[In the following excerpt, originally delivered as a lecture in 1942, Jarrell explains his aesthetics of poetic structure, emphasizing temporality, a struggle of opposites, and a dialectical tension of elements as the fundamental qualities of poetry.]
I shall have to disregard the musical structure of poetry: metre, stanza-form, rhyme, alliteration, quantity, and so on. I neglect these without too much regret: criticism has paid them an altogether disproportionate amount of attention—partly, I suppose, because they are things any child can point...
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SOURCE: Spender, Stephen. Review of Losses, by Randall Jarrell. Nation 166, no. 18 (1 May 1948): 475-76.
[In the following review of Losses, Spender compares Jarrell's poetry to that of the Victorians Lord Alfred Tennyson and Robert Browning, while also emphasizing the distinctly American and modern quality of Jarrell's work.]
All poets inevitably inhabit mental landscapes, if one may enlarge the word “landscape” to include sea, sky, towns, and the waste land. Today it is strikingly apparent that American poets inhabit a landscape entirely different in time and place from that of European poets. The Europeans inhabit a landscape of disintegration; and...
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SOURCE: Graham, W. S. Review of Losses, by Randall Jarrell. Poetry 72, no. 6 (September 1948): 302-07.
[In the following review of Losses, Graham finds the poems of Jarrell's third collection banal, incidental, vague, and disappointing.]
Mr. Randall Jarrell's name as a poet and critic is one which in England as in this country carries considerable prestige. One is at a loss therefore to account for the shocking betrayal of poetic responsibilities and, by implication, critical ones exemplified by his third collection of poems.1 One's perplexity grows when one finds the critics comparing it variously to the work of Browning, Auden and Tennyson,...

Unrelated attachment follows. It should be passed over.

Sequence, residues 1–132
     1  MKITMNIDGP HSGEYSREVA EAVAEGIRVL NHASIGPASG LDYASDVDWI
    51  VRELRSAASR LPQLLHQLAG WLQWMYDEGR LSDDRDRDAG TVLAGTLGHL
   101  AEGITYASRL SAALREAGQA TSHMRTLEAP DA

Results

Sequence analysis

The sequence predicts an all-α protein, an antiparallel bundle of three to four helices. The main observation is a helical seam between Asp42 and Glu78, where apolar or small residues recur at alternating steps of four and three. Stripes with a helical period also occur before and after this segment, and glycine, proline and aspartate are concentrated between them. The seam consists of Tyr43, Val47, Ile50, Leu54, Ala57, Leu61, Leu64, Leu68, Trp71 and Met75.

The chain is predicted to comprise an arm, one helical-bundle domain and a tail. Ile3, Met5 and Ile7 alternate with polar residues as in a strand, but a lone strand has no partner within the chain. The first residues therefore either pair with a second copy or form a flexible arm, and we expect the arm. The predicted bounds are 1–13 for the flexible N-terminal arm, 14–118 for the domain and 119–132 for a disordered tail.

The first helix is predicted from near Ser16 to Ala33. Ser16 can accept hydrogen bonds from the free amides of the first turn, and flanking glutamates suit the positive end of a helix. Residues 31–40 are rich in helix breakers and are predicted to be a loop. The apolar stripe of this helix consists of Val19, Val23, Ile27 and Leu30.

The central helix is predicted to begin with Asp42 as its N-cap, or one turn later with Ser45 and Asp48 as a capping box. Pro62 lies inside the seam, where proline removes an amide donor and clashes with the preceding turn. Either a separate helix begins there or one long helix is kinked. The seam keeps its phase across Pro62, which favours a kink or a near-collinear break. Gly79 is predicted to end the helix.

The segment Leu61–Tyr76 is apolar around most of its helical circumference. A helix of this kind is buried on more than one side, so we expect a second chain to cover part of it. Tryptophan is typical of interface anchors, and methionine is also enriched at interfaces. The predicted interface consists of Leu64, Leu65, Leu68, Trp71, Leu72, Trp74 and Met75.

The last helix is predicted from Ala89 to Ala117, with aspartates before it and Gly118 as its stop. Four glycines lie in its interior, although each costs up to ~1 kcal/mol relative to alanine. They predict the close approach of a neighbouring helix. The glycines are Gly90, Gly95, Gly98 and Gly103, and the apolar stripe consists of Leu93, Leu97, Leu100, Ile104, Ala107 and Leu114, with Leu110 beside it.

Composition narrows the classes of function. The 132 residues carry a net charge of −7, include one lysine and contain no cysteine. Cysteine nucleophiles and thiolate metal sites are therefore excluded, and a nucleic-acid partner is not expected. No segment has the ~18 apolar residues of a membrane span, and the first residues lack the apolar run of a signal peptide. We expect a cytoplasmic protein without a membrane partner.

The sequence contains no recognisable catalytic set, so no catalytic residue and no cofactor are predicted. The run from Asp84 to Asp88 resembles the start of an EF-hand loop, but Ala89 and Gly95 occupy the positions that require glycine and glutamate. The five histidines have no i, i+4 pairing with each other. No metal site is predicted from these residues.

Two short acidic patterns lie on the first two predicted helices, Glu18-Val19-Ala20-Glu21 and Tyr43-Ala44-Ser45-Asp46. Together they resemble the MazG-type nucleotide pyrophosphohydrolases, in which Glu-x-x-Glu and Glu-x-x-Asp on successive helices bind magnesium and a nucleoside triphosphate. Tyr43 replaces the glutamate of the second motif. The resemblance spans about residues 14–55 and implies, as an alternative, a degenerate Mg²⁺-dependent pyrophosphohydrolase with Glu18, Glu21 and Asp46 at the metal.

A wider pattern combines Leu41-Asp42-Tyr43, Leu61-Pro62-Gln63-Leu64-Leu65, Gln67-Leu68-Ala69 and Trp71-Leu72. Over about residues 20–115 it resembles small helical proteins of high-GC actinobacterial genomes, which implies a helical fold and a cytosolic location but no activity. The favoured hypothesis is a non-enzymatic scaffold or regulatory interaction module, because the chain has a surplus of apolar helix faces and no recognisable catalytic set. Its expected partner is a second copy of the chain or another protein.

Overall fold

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SOURCE: Carruth, Hayden. Review of Losses, by Randall Jarrell. Poetry 72, no. 6 (September 1948): 307-11.
[In the following review, Carruth responds to W. S. Graham's negative appraisal of Losses, vindicating Jarrell by attacking Graham's limited definition of poetry.]
Here is another reviewer who tells us what is the stuff of poetry. It was tried before, I think, by Bruin of Colchester and, somewhat later, by Mgr. Polidore Flaquet.
Now it is time to question this kind of talk by Mr. Graham. It is time to challenge what Mr. Stephen Spender, a better-tempered Englishman who is also living at present in our monstrous country, recently...
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SOURCE: Lowell, Robert. “Randall Jarrell.” In Robert Lowell: Collected Prose, edited by Robert Giroux, pp. 87-98. New York: Farrar, Straus & Giroux, 1987.
[In the following essays, “On the Seven–League Crutches,” originally published in 1957, and “Randall Jarell, 1914–1965,” originally published in 1965, Lowell favorably reviews Jarrell's The Seven-League Crutches, and presents a reminiscence of Jarrell as a poet, critic, and friend.]
I / ON THE SEVEN-LEAGUE CRUTCHES
Randall Jarrell is our most talented poet under forty, and one whose wit, pathos, and grace remind us more of Pope or Matthew Arnold than of any of his...
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SOURCE: Marcus, Mordecai, and Erin Marcus. “Jarrell's ‘The Emancipators’.” Explicator 16, no. 5 (February 1958): 26.
[In the following essay, the critics elucidate the allusions, ironies, and balance of “hopefulness and utter despair” in Jarrell's poem “The Emancipators.”]
In introducing his Selected Poems Randall Jarrell includes a brief note explaining that the first stanza of “The Emancipators” alludes to Galileo, Newton, and Bruno. But the title, details, and structure of the poem require much explication. Jarrell's first stanza alludes to specific men and acts, but the withholding of their names and, in the second stanza, the...
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SOURCE: Greene, George. “Four Campus Poets.” Thought 35, no. 137 (summer 1960): 223-46.
[In the following excerpt, Greene largely focuses on the war-inspired pieces of Jarrell's Collected Poems, noting their successful representation of the depersonalizing anonymity of war, while acknowledging failures of dramatic obscurity and empty abstraction in some of the works.]
… Examining our own age, one feels that Mr. Randall Jarrell has most profitably integrated experiences derived from its widest clash of forces, World War II. In his Collected Poems one third of the material is associated directly with war, a category where he has made notable...
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SOURCE: Hall, Donald. Review of The Woman at the Washington Zoo, by Randall Jarrell. New Republic 143, no. 27 (26 December 1960): 18-19.